Now, here are some of the arguments against bunting even if my assumptions are accepted. Since an out is being traded for advancing one or two runners into scoring position it means the current batter will never score and the inning will end sooner, precluding someone later in the batting sequence from batting that inning. So the chance for a bigger inning is reduced but the chance to score 1 or 2 runs increases via bunting runners followed by a productive out, hit, or walk. If the candidate bunter is a power hitter then bunting precludes 2 or more bases being advanced for himself and all existing runners. But, all in all, in a large number of situations sacrifice bunting is worth giving an out away, as long as the bunter has a high proficiency, and is not a premier hitter.

Ultimately, effective offense is about moving runners from home back to home through three other bases. Hits, walks, and a few other ways move runners (the batter and/or existing runner(s)). An accomplished bunter should be able to achieve one or two bases for his team about 75 percent of the time, with all of these bases moving existing runners into scoring position (‘valuable bases").

Now a word about achieving a sacrifice bunt success rate of 75 percent. Bunting is a bit like parallel parking. At first blush, it seems difficult until the procedure is broken down into a series of finite steps that almost anyone can follow. With a good instructor, and armed with the steps to successfully bunt, I am convinced that the physical skills of virtually all major league players is sufficient to achieve a 75% success rate. Just to make this more tangible for those whose opinion about bunting has been formed by watching many batters fail miserably at it, here are some of the basics:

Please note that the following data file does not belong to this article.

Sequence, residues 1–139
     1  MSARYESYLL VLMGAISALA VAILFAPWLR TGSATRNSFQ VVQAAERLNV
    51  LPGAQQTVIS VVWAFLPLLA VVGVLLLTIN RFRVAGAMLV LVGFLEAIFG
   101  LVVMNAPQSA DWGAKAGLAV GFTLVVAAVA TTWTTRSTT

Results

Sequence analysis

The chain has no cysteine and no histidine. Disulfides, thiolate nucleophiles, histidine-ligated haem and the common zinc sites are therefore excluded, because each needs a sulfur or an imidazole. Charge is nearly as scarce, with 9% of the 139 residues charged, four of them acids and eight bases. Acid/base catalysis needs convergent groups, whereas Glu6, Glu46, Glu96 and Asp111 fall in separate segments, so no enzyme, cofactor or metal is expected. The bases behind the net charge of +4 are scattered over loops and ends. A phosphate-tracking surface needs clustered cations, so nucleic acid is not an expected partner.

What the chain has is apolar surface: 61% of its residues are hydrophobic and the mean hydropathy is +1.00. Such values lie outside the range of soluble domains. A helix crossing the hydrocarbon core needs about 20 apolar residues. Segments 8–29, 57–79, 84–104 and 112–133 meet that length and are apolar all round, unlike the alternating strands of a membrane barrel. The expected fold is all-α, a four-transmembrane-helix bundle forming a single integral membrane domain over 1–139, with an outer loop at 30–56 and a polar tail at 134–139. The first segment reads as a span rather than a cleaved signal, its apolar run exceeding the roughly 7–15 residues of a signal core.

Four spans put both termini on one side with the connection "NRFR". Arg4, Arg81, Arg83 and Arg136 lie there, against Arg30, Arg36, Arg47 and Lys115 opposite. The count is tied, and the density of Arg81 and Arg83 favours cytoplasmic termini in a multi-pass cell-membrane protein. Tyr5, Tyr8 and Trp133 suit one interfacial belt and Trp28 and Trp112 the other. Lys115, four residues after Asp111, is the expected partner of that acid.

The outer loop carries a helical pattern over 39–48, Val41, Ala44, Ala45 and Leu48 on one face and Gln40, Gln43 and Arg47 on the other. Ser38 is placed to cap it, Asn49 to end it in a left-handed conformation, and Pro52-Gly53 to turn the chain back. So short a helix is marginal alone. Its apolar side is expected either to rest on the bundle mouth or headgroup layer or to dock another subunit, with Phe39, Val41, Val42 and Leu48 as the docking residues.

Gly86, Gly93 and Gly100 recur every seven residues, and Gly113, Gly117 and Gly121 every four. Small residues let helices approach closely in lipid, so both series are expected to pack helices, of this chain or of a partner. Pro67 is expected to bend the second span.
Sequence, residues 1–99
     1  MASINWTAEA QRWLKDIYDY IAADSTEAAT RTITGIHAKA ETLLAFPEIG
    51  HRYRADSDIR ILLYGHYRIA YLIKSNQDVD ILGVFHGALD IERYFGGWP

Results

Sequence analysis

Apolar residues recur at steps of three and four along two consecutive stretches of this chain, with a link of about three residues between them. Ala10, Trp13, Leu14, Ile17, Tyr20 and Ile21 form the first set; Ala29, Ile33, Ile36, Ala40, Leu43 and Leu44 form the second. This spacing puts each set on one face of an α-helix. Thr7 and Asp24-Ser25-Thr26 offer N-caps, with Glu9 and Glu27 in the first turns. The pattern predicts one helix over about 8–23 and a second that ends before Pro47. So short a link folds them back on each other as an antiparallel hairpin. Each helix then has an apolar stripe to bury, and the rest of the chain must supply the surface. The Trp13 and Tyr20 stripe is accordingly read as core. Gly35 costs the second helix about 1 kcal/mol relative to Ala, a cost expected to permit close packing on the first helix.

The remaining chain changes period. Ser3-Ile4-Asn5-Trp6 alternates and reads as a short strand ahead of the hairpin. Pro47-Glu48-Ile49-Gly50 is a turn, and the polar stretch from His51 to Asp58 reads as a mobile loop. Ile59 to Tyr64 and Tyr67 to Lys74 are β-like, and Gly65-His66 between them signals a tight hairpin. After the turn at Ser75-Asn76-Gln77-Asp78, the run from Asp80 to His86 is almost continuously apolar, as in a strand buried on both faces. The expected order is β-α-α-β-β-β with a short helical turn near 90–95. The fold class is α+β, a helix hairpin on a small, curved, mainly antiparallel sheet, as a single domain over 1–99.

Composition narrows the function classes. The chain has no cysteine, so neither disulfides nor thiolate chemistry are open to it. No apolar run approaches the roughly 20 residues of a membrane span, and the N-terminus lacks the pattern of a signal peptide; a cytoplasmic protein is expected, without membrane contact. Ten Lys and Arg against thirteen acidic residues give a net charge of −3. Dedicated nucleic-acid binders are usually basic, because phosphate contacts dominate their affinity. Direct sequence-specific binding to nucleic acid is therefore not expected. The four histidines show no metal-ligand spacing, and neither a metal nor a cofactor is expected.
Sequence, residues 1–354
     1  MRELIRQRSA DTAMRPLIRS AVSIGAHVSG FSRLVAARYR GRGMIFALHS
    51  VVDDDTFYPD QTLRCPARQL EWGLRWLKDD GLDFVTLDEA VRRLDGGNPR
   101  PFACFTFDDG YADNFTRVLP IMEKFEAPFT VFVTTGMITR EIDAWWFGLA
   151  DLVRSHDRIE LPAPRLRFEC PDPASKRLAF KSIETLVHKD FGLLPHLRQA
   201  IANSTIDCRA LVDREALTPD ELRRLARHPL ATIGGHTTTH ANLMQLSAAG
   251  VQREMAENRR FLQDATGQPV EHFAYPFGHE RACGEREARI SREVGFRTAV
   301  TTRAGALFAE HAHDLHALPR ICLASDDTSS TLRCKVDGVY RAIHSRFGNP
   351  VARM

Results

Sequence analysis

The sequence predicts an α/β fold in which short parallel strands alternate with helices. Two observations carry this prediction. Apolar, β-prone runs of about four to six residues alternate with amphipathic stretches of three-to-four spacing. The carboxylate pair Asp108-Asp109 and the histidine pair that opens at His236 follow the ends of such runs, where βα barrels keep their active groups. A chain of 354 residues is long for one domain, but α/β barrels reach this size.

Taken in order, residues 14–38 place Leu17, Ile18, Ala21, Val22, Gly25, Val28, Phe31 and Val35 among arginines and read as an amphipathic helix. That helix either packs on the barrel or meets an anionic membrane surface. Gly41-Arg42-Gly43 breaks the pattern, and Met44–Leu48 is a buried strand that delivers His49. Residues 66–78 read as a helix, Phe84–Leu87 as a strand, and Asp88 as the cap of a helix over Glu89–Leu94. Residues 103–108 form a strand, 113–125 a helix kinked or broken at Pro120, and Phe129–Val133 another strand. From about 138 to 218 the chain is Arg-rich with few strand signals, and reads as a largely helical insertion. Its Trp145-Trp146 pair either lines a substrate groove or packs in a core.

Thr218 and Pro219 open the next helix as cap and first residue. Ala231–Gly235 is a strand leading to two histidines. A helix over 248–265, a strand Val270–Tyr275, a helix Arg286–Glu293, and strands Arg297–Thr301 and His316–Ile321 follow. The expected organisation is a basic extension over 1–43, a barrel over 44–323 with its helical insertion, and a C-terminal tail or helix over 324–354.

1. Batter should turn around completely and face the pitcher.
  2. Hold the bat parallel to the ground through the whole process.
  3. Do not attempt to bunt with any pitch above mid-chest (popups often result) or otherwise not near the strike zone.
  4. Position the bat so the pitch makes contact with bat, not the other way around. Never jab at the pitch, since the bunt often either pops up or moves too quickly to the charging fielders. This is sometimes called having soft hands at contact.
  5. Be knowledgeable about what bases are occupied and how the infielders are positioned, in order to direct the bunt right or left by angling the bat appropriately with respect to the vertical plane.

These steps are not difficult to follow, but admittedly failure can still occur when the pitcher is adept at getting good ball movement either sharply downward with a breaking ball or rising from mid-chest upward with a rising fastball. Perhaps for certain pitchers bunting should be avoided, but in most of those cases hitting that pitcher is usually corresponding more difficult also.

An organizational culture that values bunting starts bunt instruction lower down in the organization and continues each spring training at the major league level. With instructional time dedicated to it, resulting in a high success rate, bunting is a tool that should be used more.

For many current players, who are seen to violate the above rules of bunting, I concur with some of my fellow fans who say ‘STOP BUNTING'. However, we should be saying 'LEARN TO BUNT'.

When the bats are slumping, and the score is close (sound familiar), bunting and other ‘small ball' methods take on more importance.

In conclusion, here is a question whose answer reveals whether a person is a confirmed anti-sacrifice bunter or there is still hope for you: It is a situation with no outs, man on second, score either tied or one team is up by one, and the inning is after the sixth. Assuming, as I have, that the hitter is an accomplished bunter (i.e., better than a 75% success rate) then what do you have the hitter do? If there are more than a very small number of circumstances when you would not order a bunt then do not apply to be manager of my team :)

All right, sabermetric experts, where am I wrong in my general conclusion about sacrifice bunting? A good debate on this could be fun.